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VOL. 43 | NO. 49 | Friday, December 6, 2019

House passes bill to restore key parts of Voting Rights Act

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WASHINGTON (AP) — The Democratic-controlled House has approved a bill that would restore key sections of the Voting Rights Act that once required officials in all or parts of 15 states to receive federal approval before making changes to the voting process.

The bill would amend the 1965 law to impose new obligations on states and local jurisdictions, essentially reversing a 2013 Supreme Court decision that tossed out a "pre-clearance" provision that determined which jurisdictions needed federal oversight of elections.

The bill was approved, 228—187, on Friday, and now goes to the Republican-controlled Senate, where it is unlikely to move forward.

Supporters said the measure would help prevent voter suppression in the South and other areas by developing a process to require states and localities with a recent history of voting rights violations to pre-clear election changes with the Justice Department.

Strict voter registration requirements, polling place confusion and other obstacles faced by Georgia voters last year show why federal oversight of elections is still needed in places with a history of discrimination, supporters said.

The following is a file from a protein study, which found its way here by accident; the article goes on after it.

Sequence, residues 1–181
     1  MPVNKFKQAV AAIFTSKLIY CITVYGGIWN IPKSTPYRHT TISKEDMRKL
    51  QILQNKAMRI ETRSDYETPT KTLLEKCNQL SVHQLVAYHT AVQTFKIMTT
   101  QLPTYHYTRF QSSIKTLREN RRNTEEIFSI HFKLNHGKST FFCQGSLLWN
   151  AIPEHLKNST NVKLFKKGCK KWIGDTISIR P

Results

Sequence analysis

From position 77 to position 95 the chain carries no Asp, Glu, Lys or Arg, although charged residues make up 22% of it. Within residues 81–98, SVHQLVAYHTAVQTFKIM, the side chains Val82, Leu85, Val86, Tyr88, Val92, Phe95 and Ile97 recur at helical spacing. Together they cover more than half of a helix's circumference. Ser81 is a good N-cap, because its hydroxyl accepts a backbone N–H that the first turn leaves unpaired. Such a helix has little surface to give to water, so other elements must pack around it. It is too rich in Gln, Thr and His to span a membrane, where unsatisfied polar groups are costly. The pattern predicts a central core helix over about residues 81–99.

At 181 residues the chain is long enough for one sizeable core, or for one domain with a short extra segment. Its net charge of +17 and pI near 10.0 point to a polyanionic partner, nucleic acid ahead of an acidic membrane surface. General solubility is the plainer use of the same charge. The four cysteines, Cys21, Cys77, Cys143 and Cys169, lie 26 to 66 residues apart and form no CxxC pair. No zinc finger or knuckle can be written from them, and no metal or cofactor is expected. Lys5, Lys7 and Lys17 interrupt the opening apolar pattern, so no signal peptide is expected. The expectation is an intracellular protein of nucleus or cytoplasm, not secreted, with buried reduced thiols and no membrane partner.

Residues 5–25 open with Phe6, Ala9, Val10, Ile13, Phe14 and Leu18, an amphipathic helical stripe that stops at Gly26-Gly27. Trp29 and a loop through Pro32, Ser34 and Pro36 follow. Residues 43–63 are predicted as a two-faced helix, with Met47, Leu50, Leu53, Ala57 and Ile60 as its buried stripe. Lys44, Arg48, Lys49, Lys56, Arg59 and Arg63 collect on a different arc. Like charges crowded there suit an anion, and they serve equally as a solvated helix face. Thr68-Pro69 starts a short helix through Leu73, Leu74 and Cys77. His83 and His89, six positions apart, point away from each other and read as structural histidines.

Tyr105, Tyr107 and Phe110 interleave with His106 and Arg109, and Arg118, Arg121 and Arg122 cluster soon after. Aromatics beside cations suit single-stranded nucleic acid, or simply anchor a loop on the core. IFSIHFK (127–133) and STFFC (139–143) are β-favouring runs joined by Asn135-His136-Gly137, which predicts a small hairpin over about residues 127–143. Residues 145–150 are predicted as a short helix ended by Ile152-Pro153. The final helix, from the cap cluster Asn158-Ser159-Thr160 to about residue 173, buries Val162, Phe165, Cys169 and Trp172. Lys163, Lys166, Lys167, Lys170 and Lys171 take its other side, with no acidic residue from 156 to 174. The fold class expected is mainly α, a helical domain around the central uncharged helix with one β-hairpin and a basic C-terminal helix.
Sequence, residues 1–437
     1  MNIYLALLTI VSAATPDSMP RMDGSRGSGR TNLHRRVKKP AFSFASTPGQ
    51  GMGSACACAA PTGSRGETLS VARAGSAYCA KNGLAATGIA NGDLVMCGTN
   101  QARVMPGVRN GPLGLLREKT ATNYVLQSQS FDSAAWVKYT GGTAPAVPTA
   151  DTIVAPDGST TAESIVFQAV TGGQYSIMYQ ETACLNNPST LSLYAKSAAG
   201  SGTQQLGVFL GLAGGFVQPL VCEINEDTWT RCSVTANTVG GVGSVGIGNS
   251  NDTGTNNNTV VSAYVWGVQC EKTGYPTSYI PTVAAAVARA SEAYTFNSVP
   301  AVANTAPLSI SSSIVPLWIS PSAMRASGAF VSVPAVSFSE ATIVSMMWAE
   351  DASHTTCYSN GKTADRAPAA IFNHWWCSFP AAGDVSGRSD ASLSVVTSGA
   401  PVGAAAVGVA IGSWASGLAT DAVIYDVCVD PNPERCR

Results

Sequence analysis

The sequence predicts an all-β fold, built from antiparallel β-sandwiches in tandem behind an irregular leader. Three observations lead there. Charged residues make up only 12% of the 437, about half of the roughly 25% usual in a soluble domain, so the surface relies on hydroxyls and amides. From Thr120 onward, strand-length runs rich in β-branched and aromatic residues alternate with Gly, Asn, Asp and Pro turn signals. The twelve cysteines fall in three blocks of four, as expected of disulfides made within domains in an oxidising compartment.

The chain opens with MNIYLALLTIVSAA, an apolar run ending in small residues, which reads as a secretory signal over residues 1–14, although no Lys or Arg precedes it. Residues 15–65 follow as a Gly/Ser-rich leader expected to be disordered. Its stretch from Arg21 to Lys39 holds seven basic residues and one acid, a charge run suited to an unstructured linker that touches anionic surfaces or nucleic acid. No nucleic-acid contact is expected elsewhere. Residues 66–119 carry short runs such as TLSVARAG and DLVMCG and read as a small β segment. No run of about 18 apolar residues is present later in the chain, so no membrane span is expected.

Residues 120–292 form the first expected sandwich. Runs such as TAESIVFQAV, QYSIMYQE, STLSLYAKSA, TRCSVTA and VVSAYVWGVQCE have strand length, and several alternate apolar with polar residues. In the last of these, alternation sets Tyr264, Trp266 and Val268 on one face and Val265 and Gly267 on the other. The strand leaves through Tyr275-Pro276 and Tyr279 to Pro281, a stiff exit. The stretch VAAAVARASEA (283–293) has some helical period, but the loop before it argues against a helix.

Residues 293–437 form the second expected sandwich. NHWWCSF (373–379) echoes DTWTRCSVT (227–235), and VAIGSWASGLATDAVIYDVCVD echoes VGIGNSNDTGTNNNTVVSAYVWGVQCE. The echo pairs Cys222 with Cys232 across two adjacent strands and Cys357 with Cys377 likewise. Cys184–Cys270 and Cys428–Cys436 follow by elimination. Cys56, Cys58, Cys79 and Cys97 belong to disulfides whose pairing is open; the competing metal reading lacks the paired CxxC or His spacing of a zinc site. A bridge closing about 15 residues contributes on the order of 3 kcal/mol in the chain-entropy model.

"No right is more precious to our citizenship than the right of all Americans to be able to vote," said Rep. Terri Sewell, D-Ala., the bill's chief sponsor. "When Americans are not able to cast their ballots, their votes are silenced.''

Elected officials "should be alarmed if any American who wants to cast a ballot is unable to cast a ballot," she said.

The White House opposes the bill, calling it an example of federal overreach. The Democratic-backed measure would give the federal government "too much authority over an even greater number of voting practices and decisions made by states and local governments without justifying the current needs for such policies,'' the White House said in a statement.

The Supreme Court has already ruled that similar restrictions imposed by Congress on states and localities are unconstitutional, the White House said.

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